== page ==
Provincial schools will offer new choices in curricula, new course content, and new demonstration schools better tailored to unique student needs.
These new provincial schools will build on the virtual school that is now serving over 16,000 students provincewide.
The virtual school is providing new round-the-clock access to learning, tutoring, and academic supports.
These new measures will be supported in a new B.C. Education Guarantee that assures that all students have ongoing access to courses required for high school completion and that all British Columbians who need it have free, easy access to adult basic education through LearnNowBC.
This year the government will:
Ensure new residents can obtain support in ESL training and streamlined professional and skilled labour certification, to help them use the skills they bring to B.C.;
Establish a teacher employment registry, administered by the College of Teachers, to publicly report the names of teachers disciplined for misconduct involving emotional, physical, or sexual abuse;
Require annual public reports for all public schools on the statistics relating to teacher hirings, terminations, disciplinary actions, and professional development;
And give government the ability to directly communicate with all teachers in B.C.
Amendments will be introduced to require all Boards of Education to establish codes of conduct for students that meet provincially set standards and that institute "zero tolerance" of bullying in B.C.'s schools.
Your government pledged to use underutilized school spaces as public spaces to deliver on public priorities.
It will work with boards to better manage capital planning across all school districts.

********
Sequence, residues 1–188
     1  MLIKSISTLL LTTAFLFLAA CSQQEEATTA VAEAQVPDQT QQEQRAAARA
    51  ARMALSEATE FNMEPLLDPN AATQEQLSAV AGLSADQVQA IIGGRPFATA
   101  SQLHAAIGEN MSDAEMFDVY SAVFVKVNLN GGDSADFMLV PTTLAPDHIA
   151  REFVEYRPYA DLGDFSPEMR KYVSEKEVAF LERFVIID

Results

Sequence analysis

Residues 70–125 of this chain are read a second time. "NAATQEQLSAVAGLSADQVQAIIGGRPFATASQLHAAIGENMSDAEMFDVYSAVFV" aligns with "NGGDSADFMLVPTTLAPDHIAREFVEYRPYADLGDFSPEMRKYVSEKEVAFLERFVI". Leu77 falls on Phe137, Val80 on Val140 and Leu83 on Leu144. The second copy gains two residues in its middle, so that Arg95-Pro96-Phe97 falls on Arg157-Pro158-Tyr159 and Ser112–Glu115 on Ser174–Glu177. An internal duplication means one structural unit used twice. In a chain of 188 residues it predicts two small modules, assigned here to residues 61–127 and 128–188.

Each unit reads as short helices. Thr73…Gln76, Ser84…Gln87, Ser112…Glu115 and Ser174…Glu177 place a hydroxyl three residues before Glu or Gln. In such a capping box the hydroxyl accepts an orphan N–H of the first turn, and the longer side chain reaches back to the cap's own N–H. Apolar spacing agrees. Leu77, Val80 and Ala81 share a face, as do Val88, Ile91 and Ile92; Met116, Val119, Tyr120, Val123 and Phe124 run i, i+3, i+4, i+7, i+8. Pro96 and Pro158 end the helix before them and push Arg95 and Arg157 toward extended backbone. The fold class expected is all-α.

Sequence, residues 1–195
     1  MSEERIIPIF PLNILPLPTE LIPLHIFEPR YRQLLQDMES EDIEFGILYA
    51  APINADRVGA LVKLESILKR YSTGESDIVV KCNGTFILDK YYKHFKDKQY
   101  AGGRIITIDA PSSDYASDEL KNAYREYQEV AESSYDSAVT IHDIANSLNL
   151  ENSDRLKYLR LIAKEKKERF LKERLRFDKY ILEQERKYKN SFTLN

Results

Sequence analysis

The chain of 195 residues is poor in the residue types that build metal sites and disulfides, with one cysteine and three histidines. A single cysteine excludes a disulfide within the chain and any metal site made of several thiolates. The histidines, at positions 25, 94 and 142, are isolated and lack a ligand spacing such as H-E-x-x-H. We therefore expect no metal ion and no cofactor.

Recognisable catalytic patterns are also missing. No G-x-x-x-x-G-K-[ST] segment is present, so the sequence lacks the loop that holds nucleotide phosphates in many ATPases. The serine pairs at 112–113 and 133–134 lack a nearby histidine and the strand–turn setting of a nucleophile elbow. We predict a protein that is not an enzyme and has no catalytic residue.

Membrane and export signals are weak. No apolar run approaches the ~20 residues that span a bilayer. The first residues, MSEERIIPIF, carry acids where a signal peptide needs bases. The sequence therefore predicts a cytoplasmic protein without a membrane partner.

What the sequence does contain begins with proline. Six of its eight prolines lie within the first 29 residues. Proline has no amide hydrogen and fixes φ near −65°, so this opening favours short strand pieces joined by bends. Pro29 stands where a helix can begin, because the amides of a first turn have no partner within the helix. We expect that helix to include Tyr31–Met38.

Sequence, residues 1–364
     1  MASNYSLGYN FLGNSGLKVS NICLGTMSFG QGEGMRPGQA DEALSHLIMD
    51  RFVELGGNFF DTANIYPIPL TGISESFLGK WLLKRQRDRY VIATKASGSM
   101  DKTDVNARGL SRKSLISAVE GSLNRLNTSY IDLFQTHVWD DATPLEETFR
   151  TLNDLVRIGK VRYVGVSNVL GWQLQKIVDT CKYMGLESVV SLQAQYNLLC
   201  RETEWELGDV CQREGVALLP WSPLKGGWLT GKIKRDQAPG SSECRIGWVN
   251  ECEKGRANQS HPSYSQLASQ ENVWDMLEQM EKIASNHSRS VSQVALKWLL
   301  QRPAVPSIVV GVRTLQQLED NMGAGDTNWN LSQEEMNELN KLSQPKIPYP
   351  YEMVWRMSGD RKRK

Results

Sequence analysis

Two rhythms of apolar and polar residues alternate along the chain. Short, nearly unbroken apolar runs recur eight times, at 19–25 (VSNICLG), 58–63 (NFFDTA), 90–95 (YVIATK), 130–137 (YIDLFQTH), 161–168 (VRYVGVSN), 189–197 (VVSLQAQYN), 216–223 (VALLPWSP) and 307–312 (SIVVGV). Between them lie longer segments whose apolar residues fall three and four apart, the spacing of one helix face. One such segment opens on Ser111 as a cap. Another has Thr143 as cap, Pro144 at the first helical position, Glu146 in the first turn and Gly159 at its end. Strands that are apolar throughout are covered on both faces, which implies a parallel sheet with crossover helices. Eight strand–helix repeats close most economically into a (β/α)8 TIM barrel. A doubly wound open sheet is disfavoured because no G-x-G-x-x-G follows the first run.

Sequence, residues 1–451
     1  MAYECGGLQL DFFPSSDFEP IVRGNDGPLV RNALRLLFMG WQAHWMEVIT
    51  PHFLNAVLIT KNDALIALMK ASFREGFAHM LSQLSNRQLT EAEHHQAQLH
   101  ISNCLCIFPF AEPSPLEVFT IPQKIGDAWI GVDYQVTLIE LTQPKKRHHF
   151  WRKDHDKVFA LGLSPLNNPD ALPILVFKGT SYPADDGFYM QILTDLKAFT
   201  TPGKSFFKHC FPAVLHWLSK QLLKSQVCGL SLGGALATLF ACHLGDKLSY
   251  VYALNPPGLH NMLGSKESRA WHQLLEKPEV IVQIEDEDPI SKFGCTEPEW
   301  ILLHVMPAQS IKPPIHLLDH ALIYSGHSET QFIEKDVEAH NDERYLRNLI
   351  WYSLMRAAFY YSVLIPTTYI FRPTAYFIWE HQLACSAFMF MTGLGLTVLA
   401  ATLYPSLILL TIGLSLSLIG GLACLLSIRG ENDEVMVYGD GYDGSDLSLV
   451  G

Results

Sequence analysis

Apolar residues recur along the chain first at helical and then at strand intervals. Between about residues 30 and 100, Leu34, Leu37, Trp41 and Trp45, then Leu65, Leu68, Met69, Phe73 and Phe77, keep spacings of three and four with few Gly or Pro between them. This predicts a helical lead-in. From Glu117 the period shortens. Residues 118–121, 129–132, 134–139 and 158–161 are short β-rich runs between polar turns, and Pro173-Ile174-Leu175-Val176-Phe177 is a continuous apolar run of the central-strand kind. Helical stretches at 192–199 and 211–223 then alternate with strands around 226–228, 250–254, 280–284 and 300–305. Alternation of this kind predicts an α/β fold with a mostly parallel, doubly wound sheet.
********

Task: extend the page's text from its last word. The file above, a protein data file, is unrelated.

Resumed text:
A new process will be put in place to ensure that schools or school lands are used for their highest and best use for maximum public benefit.
Knowledge is the key to unlocking our citizens' true potential in the digital world.
Skilled workers are the sine qua non of a modern, competitive economy.
That is why your government has embarked on the largest post-secondary and apprenticeship expansion in 40 years.
It is why it is acting to create 2,500 new graduate spaces and 7,000 more apprenticeship spaces by 2010.
It is why it is expanding the number of industry training organizations in partnership with the Industry Training Authority and the private sector.
Across this province, access to advanced education is better than ever.
Over $1 billion has been invested in capital improvements in post-secondary education since 2001.
Another $800 million has been allocated to further expand our universities, colleges, and institutes.
The 25,000 new post-secondary spaces are well underway.
That new legacy of leadership will give B.C.'s young adults and lifelong learners new opportunities for higher learning where they live.
This year a new Children's Education Credit will be established and a new Pacific Leaders Fellowship will be created to provide university students new financial incentives to pursue careers in the provincial public service.
It will also provide existing public servants new opportunities to upgrade their skills.
Campus 2020 will help shape the vision of B.C.'s post-secondary system for years to come.
As your government works to train new workers and give them the skills they need to prosper in this Pacific Century, it will also do more to attract and recruit skilled workers.
The Provincial Nominee Program will be substantially expanded and new efforts will be made to expedite entry for temporary workers in skills-shortage areas.
All of these measures are aimed at maximizing our provincial potential in this time of profound change and global growth.